Climate change is a global issue and 2015 was the hottest year on record. For many, confronted with facts such as these, acting ‘to save the environment’ may seem like a difficult and futile project; yet there are ways of addressing the environment at a local level that are engaging and personally rewarding. The ANU Organic Garden hopes to reinforce the importance of environmental issues locally, and empower the community to connect with our role in tackling climate change.
Throughout the twentieth century, community gardens have taken several different shapes depending on the respective issues facing Australian society at different times. During the World Wars, for instance, ‘victory gardens’ were planted in private residences and public parks to help increase production and deal with food rationing. Through the propagation of ‘Dig for Victory’ campaigns, these gardens reduced pressure on the public food supply and constituted a civil morale booster; amateur gardeners felt empowered by their contribution and were rewarded by the produce they grew.
While the popularity of community gardens decreased in the post-war era, the growing urbanisation of the Australian population over the last few decades has resulted in a renewed movement to institute community gardens within urban spaces. Meanwhile, a growing public interest in healthy and sustainable foods demonstrates a genuine amenability to learning about, and helping produce, food that is grown locally, and which brings about positive changes to individual and community health. Local councils, schools, community groups, and universities like ANU are among the organisations at the forefront of this movement, and have succeeded in turning under-utilised spaces into thriving veggie patches.
While there are many scientifically documented health benefits of gardening, the social aspects of community gardens in particular are uniquely beneficial. These initiatives have targeted and created an inclusive space for disadvantaged youths, the elderly, refugees and others, and have been shown to provide an important sense of belonging and investment in the community. It has also been shown that those who garden have a better understanding of nutrition, and consume more serves of fruit and vegetables per day than those who do not. Horticultural therapy is a popular new method of treating patients with dementia, depression, and anxiety.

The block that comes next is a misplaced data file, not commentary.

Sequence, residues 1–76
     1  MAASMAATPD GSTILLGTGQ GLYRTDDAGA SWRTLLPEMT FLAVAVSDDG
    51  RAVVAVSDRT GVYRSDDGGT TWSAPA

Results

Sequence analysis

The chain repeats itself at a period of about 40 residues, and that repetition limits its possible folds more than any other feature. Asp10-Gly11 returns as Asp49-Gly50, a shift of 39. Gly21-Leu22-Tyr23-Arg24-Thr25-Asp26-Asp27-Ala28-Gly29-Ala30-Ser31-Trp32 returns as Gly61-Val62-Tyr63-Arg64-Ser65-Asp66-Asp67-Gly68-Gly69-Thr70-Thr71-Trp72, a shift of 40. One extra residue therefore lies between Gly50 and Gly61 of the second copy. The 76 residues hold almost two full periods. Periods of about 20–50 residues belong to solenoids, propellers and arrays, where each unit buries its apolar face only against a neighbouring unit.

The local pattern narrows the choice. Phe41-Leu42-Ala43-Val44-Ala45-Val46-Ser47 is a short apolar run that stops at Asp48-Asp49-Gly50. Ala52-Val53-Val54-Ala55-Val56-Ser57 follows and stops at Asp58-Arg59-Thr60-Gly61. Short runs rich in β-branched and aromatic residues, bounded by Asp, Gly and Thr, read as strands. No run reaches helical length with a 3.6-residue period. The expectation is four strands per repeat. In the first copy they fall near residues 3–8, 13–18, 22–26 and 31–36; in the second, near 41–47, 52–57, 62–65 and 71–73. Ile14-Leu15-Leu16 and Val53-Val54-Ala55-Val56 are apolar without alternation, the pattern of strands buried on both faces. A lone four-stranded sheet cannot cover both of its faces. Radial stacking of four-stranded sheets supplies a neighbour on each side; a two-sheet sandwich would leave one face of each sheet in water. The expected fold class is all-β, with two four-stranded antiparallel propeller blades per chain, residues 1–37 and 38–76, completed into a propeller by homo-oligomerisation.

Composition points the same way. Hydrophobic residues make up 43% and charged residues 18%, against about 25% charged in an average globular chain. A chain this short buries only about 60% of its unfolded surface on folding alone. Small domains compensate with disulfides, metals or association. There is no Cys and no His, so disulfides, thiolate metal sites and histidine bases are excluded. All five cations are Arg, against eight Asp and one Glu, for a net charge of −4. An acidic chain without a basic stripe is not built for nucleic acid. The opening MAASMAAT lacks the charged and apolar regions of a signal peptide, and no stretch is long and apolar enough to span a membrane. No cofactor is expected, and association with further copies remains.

In response to the links established between community gardens, increasing self-esteem and reducing stress, and their critical role in connecting the community to the environment, universities around the world have begun to introduce gardens on their campus grounds. An especially successful example is the Gatton Community Garden at the University of Queensland. The Gatton garden is almost one hectare in size, and is used as a ‘living laboratory’ by agricultural and veterinary students. It also provides plots to staff and students to grow their own produce.
Compared to the University of Queensland Gatton Campus, ANU has less of a focus on agricultural or veterinary science. It is perhaps reasonable, therefore, that the ANU Organic Garden is not at present an integral part of ANU’s continued efforts in maintaining a sustainable campus. Even taking this into account, the ANU Community Garden does not seem to be achieving the goals of community engagement and education that its student-founders hoped for in 2006, and is threatened by a lack of engagement with university students and staff.
The ANU Organic Garden, located near the Crawford School at Lennox Crossing, has expanded since 2006 to now included a small orchard, several veggie plots, herb gardens, an Australian natives bed, a greenhouse and a wood-fired pizza oven. The garden was founded by students and staff who hoped to bring the benefits of community gardening to ANU. The garden, however, faces an uphill battle.
Lack of committed volunteers is the Garden’s primary obstacle. Volunteers are integral to the ongoing maintenance and survival of the Garden, and there have even been calls to reduce to size of the garden due to the lack of student participation. In discussions with ANUgreen, it is clear to ANU Organic Garden coordinators that there are those in the university administration who do not see this space as an important part of the Acton campus. The Garden is located at what is now one of the main entrances to campus. It is our understanding that some have considered it to be unsightly, detracting from the sense of aestheticism and prestige that would befit a highly ranked university like ANU.
In the past there was also more interest in undertaking research at the garden, with a long-term terra preta soil project being conducted, and others investigating composting. Recently, however, lacking a strong connection with the Fenner School of Environment and Society and with other relevant researchers within ANU, engagement in the garden has declined. Given the high quality environmental and agricultural research which ANU participates in, and the various social and health benefits of community gardening, there is greater scope for research with of the ANU Garden.
Ultimately, integration with environmental groups at ANU and volunteers is necessary to ensure the on-going viability of the garden. So come along, whenever you can, and reap the rewards of gardening.